Tuesday, 1 March 2011

For A Modern Democratic Republic With An Elected Head Of State

And so to Oman. The game changing 2011 revolt that began in Tunisia and spread to Yemen, Algeria, Egypt, Libya and Bahrain has now reached the Gulf state of Oman.
How tremendously uplifting it is to see the downtrodden masses in all these countries rise up in courageous revolt against their unelected heads of state. Leaders who live amid stark and obscene excess whilst the people in contrast face a daily struggle to obtain the bare necessities.
Remind you of anywhere close to home?For all the 24 hour news coverage and wall to wall analysis of 'the revolution in the Middle East' not one programme editor or TV producer, far less their airhead presenters, have ever asked if we should be looking to our own constitution and its absence of democracy. No reporter or journalist has, as yet, made the $64 million connection that we here in Britain also have an unelected head of state just as far removed from the daily life of the population as Hosni Mubareak or Muamir Gaddafy.
And this is strange because our head of state's family are also seldom out of the news. Whether it is the manufactured and excruciating references to the minutiae of two royal weddings this year or to the orchestrated sympathy for the stuttering of a previous king in our cinemas, it seems that you can't move for monarchical PR these days.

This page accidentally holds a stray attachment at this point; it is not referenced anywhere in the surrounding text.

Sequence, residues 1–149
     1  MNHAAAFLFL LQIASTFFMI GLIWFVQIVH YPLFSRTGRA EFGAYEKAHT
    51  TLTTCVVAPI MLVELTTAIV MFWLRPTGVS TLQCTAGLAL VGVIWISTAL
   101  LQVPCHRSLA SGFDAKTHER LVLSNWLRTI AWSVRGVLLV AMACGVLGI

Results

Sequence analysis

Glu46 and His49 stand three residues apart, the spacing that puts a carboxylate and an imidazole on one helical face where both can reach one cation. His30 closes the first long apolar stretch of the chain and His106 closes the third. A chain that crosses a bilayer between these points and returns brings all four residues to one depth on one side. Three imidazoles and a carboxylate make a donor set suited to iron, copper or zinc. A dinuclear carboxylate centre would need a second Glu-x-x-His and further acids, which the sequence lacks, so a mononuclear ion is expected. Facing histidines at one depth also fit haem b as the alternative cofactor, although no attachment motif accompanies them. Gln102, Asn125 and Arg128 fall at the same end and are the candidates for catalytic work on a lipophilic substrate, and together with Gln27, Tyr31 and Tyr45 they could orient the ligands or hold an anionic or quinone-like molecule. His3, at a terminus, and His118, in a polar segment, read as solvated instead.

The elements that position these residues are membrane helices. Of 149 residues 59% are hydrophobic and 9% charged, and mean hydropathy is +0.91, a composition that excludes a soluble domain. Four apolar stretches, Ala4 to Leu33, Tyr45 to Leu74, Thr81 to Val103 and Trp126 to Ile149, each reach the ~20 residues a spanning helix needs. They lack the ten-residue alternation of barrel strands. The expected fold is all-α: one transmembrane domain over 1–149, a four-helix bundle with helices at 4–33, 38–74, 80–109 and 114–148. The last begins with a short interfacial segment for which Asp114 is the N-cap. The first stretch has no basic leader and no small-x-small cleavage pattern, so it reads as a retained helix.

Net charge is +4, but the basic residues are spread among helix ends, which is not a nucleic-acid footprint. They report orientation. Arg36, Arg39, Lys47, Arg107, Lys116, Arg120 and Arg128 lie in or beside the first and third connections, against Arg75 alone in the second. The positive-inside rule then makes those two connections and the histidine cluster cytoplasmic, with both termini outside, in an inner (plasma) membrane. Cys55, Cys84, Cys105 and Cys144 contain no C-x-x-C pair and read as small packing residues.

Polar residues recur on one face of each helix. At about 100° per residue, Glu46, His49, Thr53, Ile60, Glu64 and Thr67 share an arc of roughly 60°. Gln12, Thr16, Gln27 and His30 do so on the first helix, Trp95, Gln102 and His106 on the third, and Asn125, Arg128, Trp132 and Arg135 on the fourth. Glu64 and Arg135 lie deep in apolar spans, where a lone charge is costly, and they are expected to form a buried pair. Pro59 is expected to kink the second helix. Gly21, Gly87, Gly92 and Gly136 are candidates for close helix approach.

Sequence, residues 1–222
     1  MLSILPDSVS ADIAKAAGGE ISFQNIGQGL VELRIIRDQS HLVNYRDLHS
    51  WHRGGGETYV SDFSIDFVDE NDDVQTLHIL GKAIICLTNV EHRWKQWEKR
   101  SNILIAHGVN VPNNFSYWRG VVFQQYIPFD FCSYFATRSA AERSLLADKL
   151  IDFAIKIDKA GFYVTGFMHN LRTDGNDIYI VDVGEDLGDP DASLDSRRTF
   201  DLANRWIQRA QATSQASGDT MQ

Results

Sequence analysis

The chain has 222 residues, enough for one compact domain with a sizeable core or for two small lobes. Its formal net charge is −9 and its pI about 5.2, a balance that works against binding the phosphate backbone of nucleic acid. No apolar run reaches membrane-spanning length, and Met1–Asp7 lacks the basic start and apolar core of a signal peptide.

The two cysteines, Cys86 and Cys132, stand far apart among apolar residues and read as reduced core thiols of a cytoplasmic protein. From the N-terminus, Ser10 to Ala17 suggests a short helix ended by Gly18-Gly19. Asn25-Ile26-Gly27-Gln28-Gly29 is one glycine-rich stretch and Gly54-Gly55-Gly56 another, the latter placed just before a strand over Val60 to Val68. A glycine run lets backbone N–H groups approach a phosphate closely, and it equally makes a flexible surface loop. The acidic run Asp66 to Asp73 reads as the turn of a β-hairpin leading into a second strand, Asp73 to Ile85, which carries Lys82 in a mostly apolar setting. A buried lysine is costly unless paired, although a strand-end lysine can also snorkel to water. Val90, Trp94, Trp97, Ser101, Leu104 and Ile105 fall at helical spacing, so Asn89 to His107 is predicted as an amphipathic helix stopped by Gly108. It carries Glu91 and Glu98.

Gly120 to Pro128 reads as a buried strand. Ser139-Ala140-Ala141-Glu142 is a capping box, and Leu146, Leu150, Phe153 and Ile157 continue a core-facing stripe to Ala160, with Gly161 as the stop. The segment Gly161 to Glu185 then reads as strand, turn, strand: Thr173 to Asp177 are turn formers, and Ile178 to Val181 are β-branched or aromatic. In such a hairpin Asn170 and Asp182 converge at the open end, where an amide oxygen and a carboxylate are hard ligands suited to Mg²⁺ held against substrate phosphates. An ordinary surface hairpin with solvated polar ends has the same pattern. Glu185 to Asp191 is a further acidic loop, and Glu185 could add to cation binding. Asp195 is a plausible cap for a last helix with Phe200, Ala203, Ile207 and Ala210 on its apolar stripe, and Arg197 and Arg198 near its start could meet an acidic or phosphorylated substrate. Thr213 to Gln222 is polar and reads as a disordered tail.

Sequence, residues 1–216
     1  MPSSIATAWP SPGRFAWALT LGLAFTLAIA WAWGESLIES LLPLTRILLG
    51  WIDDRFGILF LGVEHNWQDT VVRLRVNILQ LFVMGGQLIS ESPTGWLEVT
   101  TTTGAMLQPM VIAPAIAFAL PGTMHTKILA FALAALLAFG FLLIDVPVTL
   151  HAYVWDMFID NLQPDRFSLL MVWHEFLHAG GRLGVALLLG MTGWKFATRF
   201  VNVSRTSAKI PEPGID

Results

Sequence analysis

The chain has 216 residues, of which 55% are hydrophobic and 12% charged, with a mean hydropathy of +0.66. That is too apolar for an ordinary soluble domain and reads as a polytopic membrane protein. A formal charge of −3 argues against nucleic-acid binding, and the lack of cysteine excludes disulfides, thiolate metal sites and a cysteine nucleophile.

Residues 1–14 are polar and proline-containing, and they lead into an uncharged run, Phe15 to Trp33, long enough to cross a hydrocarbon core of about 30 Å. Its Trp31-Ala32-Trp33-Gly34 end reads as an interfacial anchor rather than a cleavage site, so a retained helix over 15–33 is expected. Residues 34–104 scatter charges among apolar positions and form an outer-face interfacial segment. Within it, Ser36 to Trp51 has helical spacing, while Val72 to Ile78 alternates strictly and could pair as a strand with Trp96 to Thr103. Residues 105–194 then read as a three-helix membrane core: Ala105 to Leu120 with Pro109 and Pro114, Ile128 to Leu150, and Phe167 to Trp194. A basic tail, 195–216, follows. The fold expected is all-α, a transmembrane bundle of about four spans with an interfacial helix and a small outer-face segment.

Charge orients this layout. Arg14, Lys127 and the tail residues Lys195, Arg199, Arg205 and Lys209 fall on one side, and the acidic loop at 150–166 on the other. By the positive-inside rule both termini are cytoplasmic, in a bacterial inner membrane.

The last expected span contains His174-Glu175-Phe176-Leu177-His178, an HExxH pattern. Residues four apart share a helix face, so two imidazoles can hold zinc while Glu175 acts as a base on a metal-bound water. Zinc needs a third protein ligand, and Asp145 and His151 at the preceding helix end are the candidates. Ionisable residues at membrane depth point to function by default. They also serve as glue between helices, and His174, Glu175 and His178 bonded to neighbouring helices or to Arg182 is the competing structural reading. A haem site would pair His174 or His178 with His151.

Britain's royal family are perhaps the richest in the world, as far removed from the day to day realities of life as it's possible to be. Prince William and Kate Middleton need not worry about repaying their university debts. The poverty of 1 in 3 children will not impinge on their household in any way. There's no chance of any of their palaces being repossessed. The brutal economic crisis will not affect their pomp or circumstance. They will continue to reign over us as 'subjects' with apparent impunity.
Our feudal monarch is, of course, every bit as ridiculous as the Saudi Crown Prince and the barmy Bahraini royal family. And it may well be argued that since the people of Egypt (in the 1950s) and the Libyans (in the 1960s) threw out their hated monarchs to establish their own republics, they are a step ahead of us and probably feeling sorry that we do not have their courage to rise up and rectify this glaring oppression and insult.
Isn't it time we took a leaf out of the Arab people's book to establish a modern democratic republic of our own with a head of state we elected? What's the odds on this revolt reaching Britain?

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